State cracks down on businesses not paying taxes -, South Georgia News, Weather, Sports

State cracks down on businesses not paying taxes

By Jennifer Emert - bio | email

ALBANY, GA (WALB) –  Thousands of Georgia's businesses owe more than one billion dollars in uncollected taxes, and the revenue commissioner plans to do something about it.

The Department of Revenue is adding manpower to go after delinquent business owners. Thirty-six new tax agents will cost the state millions, but the extra revenue they collect could end up paying for the expense.

In Dougherty County, 452 different business owe delinquent state taxes. One business, owes more than $501,000. Businesses who pay their taxes want to know how these people got away with it.

Tommy Mc's has been in business for 12 years. Owner Tommy McDowell wouldn't think of not paying his sales and income tax to the state.

"I didn't realize people were not paying the taxes I though it would be just a matter of time before they showed up and closed the business if you didn't," said McDowell.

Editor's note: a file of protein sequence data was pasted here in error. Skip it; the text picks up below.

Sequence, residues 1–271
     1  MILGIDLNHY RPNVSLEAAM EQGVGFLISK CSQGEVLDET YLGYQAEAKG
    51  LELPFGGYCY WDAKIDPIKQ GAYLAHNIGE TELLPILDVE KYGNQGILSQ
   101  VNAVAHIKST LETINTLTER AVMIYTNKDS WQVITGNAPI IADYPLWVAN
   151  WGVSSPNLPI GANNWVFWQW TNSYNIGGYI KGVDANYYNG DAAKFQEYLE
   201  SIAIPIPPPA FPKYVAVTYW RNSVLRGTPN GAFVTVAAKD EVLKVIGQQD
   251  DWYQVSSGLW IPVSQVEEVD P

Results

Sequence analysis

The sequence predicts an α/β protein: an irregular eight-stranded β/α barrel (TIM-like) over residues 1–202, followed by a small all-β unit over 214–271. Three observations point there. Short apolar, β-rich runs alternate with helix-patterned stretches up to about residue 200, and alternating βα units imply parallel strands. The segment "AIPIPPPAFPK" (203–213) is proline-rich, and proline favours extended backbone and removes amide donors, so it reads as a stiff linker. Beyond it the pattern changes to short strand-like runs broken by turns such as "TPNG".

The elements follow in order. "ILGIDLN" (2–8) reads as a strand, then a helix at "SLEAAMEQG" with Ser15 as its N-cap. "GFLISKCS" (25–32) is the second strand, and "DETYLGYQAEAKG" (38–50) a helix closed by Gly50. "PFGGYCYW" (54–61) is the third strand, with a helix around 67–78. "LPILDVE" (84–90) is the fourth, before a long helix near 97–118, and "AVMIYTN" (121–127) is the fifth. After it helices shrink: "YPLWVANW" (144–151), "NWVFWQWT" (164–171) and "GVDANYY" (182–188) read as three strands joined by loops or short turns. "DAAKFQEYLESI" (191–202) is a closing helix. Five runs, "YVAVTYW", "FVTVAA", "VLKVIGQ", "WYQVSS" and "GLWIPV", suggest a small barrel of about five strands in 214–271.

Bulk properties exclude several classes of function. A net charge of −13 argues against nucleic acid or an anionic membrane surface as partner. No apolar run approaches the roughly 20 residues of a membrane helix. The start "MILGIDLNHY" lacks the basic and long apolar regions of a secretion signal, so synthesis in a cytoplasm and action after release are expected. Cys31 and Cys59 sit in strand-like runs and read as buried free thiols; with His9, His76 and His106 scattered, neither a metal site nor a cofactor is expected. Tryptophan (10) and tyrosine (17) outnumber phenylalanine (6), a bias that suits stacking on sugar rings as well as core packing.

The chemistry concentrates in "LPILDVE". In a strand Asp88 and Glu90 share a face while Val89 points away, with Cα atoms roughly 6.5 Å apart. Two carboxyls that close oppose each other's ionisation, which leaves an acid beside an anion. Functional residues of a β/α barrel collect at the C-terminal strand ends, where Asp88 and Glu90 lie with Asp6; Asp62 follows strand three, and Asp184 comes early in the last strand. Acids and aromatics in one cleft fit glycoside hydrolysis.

A new electronic payment program the state forced businesses to use in May, now automatically deducts the payment, but the system has flaws too. Tommy Mc's got billed twice and when they questioned it with the Revenue Department.

"We'll you realize the state of Georgia's broke, well I'm going to be too if they're going to debit the money out of my account," said McDowell.

They just got the money back. Businesses say the state is quick to send several notices if you miss a payment.

"You get a statement from them saying you know we haven't received your monthly this or whatever, it's like wow," said Steve Allen, Owner of Allen's Jewelers.

They're glad the state is now backing that with action. Bill Chambers Motors was closed in August for failure to pay nearly $600,000 in sales tax. Since the new staff was added, the state's collected a million dollars in outstanding taxes. Business owners claim it puts everyone on the same playing field.

"I feel if you're going to be in business then you need to do the right thing, we try to do the right thing," said Allen.

Giving the state the resources it needs to operate.

While many of these businesses owe taxes from previous years, the Revenue Commissioner says as long as you owe money you are still a tax delinquent and you're not in good standing until 100 percent is paid. In the last six years, the state has collected 600-million dollars in back taxes.

The Revenue Commissioner hopes to increase that substantially while shutting down businesses that don't pay.

You can find the list of Delinquent tax paying businesses at

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